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Marc, Franz

(297 words)

Author(s): Renftle, Barbara Regina
[German Version] (Feb 8, 1880, Munich – Mar 4, 1916, Verdun), German painter and graphic artist, leading representative of German Expressionism, co-founder of the Blauer Reiter (“Blue Rider”). Marc studied at the Munich Academy under Gabriel v. Hackl (1843–1926) and Wilhelm v. Diez (1839–1907); from 1905/1907 he lived in Paris. In 1910 Marc became friendly with August Macke (1887–1914). In 1911 he joined the “New Artists' Union” in Munich and in the same year, together with W. Kandinsky, founded the Blauer Reiter. Until his early death, on the front near Verdun, Marc lived m…


(1,835 words)

Author(s): Graf, Friedrich Wilhelm | Ward, Graham | Grözinger, Albrecht | Renftle, Barbara
[German Version] I. Sociology and Social History First attested in the writings of R. Pannwitz ( Die Krisis der europäischen Kultur, 1917), the concept of postmodernism spans a wide spectrum of heterogeneous meanings, the extremes of which are marked, on the one hand, by the notion of a new age that is meant to follow upon the end of modernity, and on the other hand by conceptions of a reflexive radicalization of modern experiences of plurality. The rapid adoption of the concept since the 1970s began in North Amer…

Matisse, Henri

(413 words)

Author(s): Renftle, Barbara Regina
[German Version] (Dec 31, 1869, Le Cateau-Cambrésis, France – Nov 3, 1954, Cimiez near Nice), French painter, graphic artist, and sculptor as well as one of the foremost artists of classic Modern Art and an innovator of European painting. Matisse began as a lawyer, then studied at the Académie Julian in Paris from 1891 to 1892 and under G. Moreau at the École des ¶ Beaux-Arts from 1893 onward. After Impressionist and Divisionist beginnings and under the influence of P. Gauguin, Paul Cézanne (1839–1906), Paul Signac (1863–1935), and Claude Monet (1840–1926), M…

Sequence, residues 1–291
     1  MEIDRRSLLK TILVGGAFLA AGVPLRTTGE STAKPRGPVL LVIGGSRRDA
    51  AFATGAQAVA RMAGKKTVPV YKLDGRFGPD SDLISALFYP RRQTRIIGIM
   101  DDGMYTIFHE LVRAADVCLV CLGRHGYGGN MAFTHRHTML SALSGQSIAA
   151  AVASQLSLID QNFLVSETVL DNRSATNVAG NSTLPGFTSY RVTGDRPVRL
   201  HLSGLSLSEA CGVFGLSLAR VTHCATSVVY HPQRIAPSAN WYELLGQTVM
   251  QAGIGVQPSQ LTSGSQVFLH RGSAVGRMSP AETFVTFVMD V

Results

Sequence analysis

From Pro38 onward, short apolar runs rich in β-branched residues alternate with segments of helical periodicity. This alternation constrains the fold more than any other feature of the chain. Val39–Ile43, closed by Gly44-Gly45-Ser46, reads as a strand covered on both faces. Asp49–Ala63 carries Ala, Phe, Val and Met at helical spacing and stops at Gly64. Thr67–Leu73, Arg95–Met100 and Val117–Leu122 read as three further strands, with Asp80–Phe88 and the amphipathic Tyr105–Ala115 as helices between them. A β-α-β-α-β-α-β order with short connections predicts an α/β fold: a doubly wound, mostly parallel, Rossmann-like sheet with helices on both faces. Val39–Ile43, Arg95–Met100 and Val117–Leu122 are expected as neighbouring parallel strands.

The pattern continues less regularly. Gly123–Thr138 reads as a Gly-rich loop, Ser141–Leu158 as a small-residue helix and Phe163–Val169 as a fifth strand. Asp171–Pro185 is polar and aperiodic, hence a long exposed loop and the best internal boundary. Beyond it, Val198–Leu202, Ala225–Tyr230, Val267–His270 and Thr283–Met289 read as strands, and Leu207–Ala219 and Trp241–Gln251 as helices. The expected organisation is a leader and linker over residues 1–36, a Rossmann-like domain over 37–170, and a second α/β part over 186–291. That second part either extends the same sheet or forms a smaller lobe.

Mataré, Ewald

(255 words)

Author(s): Renftle, Barbara Regina
[German Version] (Feb 25, 1887, Aachen – Mar 29, 1965, Büderich near Düsseldorf), German sculptor and graphic artist. He studied under L. Corinth in Berlin from 1907, was master-class student of Arthur Kampf (1864–1950) from 1914, and lived in Berlin from 1918 to 1931. He was appointed professor at the Düsseldorf academy in 1932, removed from office in 1933, and reinstated from 1946 to 1957. Mataré began as a painter, but later turned to sculpture, creating by preference animal sculptures of finel…

Stoß, Veit

(359 words)

Author(s): Renftle, Barbara Regina
[German Version] (c. 1445, Horb am Neckar – Sep 22, 1533, Nuremberg), sculptor, woodcarver, painter, and engraver, outstanding master of late German Gothic art. In 1476 Stoß traveled from Nuremberg to Cracow to create the altarpiece of the high altar in the church of St. Mary for the German congregation there. It was followed by other important creations, primarily in stone. In 1496 he returned to work in Nuremberg. Stoß’s work is characterized by an exuberant, powerful, and dynamic expressive dri…


(787 words)

Author(s): Renftle, Barbara Regina
[German Version] Surrealism is a movement in modern painting and literature that seeks to represent the unconscious and the dreamworld, influenced by the insights of S. Freud’s psychoanalysis. It was an outgrowth of the numerous events staged by the Dadaists: before 1924 most artists of the Paris surrealist group belonged to the provocative satirical Dadaist Cabaret Voltaire in Zürich. Its literary roots were primarily in the works of Arthur Rimbaud, Guillaume Apollinaire, the Comte de Lautréamont…

Murillo, Bartolomé Esteban

(399 words)

Author(s): Renftle, Barbara Regina